History of the ABA
There was not a bank within the boundaries of Arkansas when it became a state in 1836 — gold and silver money was often buried for safekeeping. The first act of the first Arkansas Legislature was the creation of two banks: the Real Estate Bank and the State Bank; the two banks began business in 1837, issuing paper money rather than coins of that time, and thus creating an instability in the value of currency. After just six years, the two state banks were liquidated, and the need for a sound bank led to the appearance for private banking in Arkansas. After several shaky decades, the banking industry in Arkansas began to show steady growth in the 1880s. Following in the footsteps of the American Bankers (formed in 1875), and bankers in the neighboring states of Texas and Mississippi, Arkansas bankers began circulating the idea of a statewide association of bankers.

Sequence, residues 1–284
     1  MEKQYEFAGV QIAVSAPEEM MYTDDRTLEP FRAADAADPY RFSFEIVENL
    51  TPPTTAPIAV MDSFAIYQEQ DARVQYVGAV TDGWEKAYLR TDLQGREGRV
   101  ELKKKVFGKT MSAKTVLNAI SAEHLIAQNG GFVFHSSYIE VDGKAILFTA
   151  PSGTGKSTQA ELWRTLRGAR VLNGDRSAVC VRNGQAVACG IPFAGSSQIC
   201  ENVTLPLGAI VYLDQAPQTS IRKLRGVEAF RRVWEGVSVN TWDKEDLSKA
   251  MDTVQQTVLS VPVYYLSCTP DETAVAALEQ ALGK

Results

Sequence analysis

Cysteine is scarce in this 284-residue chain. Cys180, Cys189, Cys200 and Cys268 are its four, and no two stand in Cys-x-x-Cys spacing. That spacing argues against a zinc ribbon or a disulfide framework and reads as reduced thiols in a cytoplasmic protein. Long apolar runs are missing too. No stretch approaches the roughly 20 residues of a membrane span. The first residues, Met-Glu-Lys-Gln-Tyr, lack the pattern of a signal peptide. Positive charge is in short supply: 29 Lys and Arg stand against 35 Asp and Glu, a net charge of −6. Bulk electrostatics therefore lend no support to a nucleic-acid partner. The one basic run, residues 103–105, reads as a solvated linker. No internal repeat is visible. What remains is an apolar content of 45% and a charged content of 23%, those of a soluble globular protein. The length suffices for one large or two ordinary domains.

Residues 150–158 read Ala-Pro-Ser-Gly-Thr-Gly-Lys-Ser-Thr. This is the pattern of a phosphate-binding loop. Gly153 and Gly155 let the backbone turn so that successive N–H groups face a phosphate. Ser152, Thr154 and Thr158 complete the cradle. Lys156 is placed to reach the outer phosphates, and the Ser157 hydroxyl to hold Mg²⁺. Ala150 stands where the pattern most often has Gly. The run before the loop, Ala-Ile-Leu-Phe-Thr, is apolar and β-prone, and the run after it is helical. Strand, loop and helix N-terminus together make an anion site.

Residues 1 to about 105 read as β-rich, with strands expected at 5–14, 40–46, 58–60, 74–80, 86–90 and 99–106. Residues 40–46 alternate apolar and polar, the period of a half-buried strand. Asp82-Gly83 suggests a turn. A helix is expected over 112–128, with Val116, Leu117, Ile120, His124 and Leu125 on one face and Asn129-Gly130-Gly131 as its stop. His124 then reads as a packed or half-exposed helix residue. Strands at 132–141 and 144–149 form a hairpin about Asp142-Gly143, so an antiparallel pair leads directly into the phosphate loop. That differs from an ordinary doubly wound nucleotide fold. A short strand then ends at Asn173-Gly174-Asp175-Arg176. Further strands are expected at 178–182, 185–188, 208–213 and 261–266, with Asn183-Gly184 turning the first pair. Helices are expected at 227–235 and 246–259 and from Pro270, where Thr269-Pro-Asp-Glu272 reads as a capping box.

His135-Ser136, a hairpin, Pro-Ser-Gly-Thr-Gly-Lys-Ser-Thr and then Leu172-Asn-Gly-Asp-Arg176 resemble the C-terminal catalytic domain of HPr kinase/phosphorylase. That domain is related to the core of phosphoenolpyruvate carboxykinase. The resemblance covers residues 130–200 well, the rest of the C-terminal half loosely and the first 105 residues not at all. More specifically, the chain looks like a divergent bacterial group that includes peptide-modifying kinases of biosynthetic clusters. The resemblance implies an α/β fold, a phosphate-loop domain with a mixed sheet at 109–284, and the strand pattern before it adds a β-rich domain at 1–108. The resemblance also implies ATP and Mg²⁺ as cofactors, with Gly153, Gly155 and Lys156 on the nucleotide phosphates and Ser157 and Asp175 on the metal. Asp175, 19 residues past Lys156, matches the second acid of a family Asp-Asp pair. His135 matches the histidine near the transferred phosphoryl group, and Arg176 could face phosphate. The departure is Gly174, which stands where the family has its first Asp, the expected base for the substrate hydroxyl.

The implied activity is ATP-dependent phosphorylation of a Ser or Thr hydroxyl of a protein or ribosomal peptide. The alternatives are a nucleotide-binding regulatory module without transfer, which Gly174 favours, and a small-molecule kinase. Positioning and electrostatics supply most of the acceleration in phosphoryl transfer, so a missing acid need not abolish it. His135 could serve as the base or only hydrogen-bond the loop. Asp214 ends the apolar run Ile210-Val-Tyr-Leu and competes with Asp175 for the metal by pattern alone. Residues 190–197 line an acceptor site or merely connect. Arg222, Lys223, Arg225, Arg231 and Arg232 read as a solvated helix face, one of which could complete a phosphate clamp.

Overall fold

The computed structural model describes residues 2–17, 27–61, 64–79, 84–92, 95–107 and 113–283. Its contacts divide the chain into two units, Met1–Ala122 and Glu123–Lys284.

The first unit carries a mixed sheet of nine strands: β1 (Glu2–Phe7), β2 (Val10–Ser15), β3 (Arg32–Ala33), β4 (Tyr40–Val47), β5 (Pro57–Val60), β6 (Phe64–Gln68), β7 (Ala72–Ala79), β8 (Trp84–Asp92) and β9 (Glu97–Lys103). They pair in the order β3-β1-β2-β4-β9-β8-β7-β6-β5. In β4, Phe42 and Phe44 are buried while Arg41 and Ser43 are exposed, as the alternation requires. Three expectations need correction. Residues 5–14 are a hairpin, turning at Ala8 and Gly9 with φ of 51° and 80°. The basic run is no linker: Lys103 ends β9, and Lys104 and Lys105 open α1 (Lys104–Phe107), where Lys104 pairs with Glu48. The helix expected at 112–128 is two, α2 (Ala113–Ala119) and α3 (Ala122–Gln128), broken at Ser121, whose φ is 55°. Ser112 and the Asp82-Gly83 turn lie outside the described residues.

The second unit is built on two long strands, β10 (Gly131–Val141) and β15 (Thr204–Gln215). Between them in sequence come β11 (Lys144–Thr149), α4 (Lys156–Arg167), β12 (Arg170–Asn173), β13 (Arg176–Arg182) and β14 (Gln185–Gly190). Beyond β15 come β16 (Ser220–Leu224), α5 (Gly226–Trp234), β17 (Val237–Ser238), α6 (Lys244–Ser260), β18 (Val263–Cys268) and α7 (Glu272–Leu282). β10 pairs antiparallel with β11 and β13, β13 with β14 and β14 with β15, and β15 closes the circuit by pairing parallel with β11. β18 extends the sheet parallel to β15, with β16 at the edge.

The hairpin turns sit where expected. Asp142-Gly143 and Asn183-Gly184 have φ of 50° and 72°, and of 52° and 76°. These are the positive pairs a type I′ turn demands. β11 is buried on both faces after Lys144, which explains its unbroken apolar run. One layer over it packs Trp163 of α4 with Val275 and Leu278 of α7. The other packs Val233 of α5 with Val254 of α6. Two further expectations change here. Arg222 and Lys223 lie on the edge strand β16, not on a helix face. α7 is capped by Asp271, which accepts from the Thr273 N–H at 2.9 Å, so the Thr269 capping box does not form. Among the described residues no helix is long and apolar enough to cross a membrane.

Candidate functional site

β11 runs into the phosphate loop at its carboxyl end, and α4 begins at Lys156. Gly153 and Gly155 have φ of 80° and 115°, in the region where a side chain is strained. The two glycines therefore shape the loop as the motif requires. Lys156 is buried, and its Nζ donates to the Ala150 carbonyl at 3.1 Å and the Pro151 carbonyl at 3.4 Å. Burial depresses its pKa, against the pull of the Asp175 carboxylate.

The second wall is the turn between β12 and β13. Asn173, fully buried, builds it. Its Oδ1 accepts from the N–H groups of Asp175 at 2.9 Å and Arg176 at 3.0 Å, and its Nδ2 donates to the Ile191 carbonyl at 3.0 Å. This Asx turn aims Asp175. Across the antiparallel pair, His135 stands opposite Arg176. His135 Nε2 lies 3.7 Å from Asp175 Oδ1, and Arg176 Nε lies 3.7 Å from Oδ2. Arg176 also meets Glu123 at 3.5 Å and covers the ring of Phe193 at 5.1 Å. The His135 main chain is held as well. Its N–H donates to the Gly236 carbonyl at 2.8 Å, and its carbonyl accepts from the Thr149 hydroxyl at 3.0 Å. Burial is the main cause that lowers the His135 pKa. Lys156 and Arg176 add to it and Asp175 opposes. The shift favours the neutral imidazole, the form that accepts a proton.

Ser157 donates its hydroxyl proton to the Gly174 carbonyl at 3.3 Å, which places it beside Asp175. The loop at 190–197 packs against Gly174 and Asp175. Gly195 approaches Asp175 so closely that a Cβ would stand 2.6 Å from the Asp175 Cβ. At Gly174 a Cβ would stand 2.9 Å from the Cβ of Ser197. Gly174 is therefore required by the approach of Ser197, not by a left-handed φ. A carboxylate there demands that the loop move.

It was W.B. Worthen, president of what was then the Associated Banks of Little Rock, who took the first step in forming an association by inviting Arkansas bankers to a “Convention of Arkansas Bankers” in Little Rock on October 20-21, 1891. Representatives from 40 Arkansas banks were present at the meeting.
Colonel Logan H. Roots was elected president of the Association at that first Convention. In his address, Roots noted “the benefits of the Association are not confined to speeches to sharpen our wits, but the social features,” and that attendees of the event would “...go home having reaped a harvest that will repay them for the journey. I think they will go home better fitted to discharge their duty to their stockholders and depositors, as well as to the whole community in which they live. There is a certain advantage in an association.”